The key to reducing problem drinking may just be an app away.
A brief intervention with web- and app-based components helped risky drinkers substantially reduce their alcohol intake to a level that is considered not to be hazardous, researchers in Australia have found.
Participants in the randomized controlled trial tracked information about their alcohol consumption, including the quantity and frequency. The intervention then generated an impulsivity score and implications for their risk for alcohol-related disorders and diseases, hospitalization, and death. The findings were published July 10, 2023, in Alcohol: Clinical & Experimental Research .
Worldwide each year, alcohol consumption accounts for 5.3% of all deaths. In the United States, an estimated 29.5 million people older than 12 years had alcohol use disorder in 2021.
More than 60% of people with alcohol use problems never seek out in-person treatment. Many are deterred from doing so by fear of judgment, stigma, and embarrassment, especially those at the low end of the alcohol use severity spectrum, according to the Australian researchers. Such fear-based barriers, however, may be overcome through the anonymity of a smartphone app.
The researchers tested whether hazardous drinkers who receive personalized feedback about their alcohol consumption and level of self-control would reduce their problem drinking more than hazardous drinkers who received only personalized information about their alcohol consumption or no feedback at all would.
Antoinette Poulton, PhD
“I knew from my previous research that just putting in the information is not enough to change someone’s drinking: It seems that putting in the information and then having someone tell you, ‘You drank x number of drinks and that level of drinking is high according to Australian or WHO [World Health Organization] standards’ seems to be the critical point,” said Antoinette Poulton, PhD, of the University of Melbourne, in Australia, who developed the app and led the study.
The study was conducted among first-year psychology students at the University of Melbourne between 2020 and 2022.
Each of the 313 participants in the study (average age 21.7 years; 74% women) provided estimates of alcohol intake over 14 days. A subset of 178 individuals utilized Alcohol Capture, the validated smartphone app, which records alcohol intake in real-time and includes an online cognitive task assessing impulsivity.
Participants were categorized as “hazardous” or “nonharmful” drinkers according to guidelines from the World Health Organization and were divided into three groups. Members in the alcohol intake feedback (Alc) group were given personalized feedback about their alcohol consumption, including whether their drinking exceeded Australian and/or WHO guidelines. Others were assigned to Alc plus cognitive feedback (AlcCog) group and received the same feedback plus details about their level of self-control and information about the links between poor self-control and vulnerability for transition to alcohol use disorder. The control group received did not receive personalized feedback. After 8 weeks, alcohol intake was again recorded over 14 days.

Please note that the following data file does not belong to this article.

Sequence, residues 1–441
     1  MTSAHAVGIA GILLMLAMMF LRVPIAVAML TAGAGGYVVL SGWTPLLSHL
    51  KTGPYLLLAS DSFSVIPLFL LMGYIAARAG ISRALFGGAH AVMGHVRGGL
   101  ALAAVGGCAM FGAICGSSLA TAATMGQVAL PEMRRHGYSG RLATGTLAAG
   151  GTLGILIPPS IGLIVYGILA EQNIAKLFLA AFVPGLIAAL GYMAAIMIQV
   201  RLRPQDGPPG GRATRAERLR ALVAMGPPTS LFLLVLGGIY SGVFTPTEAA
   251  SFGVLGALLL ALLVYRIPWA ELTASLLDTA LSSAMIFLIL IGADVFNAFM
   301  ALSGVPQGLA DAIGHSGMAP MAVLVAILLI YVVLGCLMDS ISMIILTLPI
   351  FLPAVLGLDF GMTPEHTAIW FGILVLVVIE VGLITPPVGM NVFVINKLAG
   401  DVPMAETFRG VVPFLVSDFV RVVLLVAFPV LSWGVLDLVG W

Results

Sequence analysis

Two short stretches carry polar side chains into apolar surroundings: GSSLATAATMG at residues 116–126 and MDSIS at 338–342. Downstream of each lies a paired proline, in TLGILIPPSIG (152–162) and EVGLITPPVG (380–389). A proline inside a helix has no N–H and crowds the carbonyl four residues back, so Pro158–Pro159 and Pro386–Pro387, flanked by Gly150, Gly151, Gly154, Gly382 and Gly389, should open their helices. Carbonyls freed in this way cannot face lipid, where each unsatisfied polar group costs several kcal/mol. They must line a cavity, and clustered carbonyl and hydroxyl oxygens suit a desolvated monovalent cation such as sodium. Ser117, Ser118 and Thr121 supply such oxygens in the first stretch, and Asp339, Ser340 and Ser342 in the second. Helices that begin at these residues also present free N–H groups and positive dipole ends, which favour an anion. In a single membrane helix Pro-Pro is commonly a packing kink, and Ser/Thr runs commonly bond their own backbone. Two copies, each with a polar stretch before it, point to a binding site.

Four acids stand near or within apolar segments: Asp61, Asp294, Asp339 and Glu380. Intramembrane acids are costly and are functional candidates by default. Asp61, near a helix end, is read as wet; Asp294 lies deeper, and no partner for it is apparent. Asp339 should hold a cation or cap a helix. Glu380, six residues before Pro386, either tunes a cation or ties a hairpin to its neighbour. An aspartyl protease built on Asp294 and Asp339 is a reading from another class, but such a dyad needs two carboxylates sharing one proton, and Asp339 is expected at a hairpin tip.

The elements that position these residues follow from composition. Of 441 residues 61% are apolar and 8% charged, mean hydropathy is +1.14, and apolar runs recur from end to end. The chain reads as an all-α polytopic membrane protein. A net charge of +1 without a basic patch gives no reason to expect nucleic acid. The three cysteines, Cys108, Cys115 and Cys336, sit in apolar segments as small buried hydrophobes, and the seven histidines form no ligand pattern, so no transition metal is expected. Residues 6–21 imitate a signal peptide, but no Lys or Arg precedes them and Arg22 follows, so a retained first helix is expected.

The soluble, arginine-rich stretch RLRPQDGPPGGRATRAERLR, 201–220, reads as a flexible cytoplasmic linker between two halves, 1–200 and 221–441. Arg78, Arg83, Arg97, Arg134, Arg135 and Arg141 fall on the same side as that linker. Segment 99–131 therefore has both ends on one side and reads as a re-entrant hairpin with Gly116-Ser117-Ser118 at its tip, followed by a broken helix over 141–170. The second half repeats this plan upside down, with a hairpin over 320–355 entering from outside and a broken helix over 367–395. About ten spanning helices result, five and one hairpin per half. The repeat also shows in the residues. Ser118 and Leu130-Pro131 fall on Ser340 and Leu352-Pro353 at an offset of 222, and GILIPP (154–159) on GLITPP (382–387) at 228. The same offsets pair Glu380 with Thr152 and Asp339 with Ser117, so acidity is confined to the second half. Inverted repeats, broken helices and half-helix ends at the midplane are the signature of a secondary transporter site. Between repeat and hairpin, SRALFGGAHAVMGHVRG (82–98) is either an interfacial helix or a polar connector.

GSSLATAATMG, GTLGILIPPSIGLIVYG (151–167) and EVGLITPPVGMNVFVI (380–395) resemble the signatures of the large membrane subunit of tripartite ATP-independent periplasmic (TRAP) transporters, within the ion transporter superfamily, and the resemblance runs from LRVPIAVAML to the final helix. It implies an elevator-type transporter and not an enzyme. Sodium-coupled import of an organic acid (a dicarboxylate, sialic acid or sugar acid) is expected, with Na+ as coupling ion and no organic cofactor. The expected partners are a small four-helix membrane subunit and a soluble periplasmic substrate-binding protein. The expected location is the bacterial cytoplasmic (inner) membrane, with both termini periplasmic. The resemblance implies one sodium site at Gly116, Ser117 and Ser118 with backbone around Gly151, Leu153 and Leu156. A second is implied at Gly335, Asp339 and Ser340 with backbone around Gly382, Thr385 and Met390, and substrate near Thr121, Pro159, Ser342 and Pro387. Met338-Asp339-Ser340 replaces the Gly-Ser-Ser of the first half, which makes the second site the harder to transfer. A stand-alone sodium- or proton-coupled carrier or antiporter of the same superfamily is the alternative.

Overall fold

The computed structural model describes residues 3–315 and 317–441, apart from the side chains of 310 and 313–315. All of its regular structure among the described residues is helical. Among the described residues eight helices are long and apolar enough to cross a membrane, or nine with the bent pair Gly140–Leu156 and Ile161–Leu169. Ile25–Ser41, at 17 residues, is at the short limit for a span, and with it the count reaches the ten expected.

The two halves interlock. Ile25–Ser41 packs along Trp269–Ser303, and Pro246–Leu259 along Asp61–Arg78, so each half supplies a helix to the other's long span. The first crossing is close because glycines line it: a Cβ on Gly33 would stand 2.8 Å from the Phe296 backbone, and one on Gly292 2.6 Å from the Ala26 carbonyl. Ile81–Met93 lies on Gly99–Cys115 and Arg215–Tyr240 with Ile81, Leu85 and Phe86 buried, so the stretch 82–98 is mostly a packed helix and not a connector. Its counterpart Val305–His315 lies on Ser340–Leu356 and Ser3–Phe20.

Relative to hazardous drinkers in the control group, total alcohol consumption among risky drinkers in the Alc group fell by 32% (or 3.8 standard drinks per week), and by 35% (or 4.2 standard drinks per week) in the AlcCog group, according to the researchers. That difference was not statistically significant.
“Our brief electronic intervention had clear impact on the drinking behavior of hazardous drinkers,” the researchers reported. “In fact, following the intervention, hazardous drinkers did not differ from non-harmful ones on total alcohol intake, quantity of intake per drinking day, or frequency of six or more drinking occasions.”
Drinks per drinking day also decreased by 31% (or 1.6 standard drinks) and 32% (or 2.1 standard drinks) in the Alc and AlcCog groups, respectively, compared with the control group.
Alcohol use did not appear to change among nonharmful drinkers in any of the study groups.
“This is a nice study, because it shows that a simple, small intervention can really have a profound effect on hazardous drinking,” said Akhil Anand, MD, an addiction psychiatrist and Medical Director of the Alcohol and Drug Recovery Center at Cleveland Clinic in Ohio. “It’s hard to say if this intervention would work on very severe cases, but I like it because it’s anonymous, it’s quick, it’s easily accessible and it doesn’t take too much healthcare personnel power to apply it,” Anand added.
This research was supported by an Early Career Researcher grant (#503762) from the University of Melbourne.
Poulton and Anand reported no financial conflicts of interest.
Alcohol Clin Exp Res. Published online July 10, 2023. Full text
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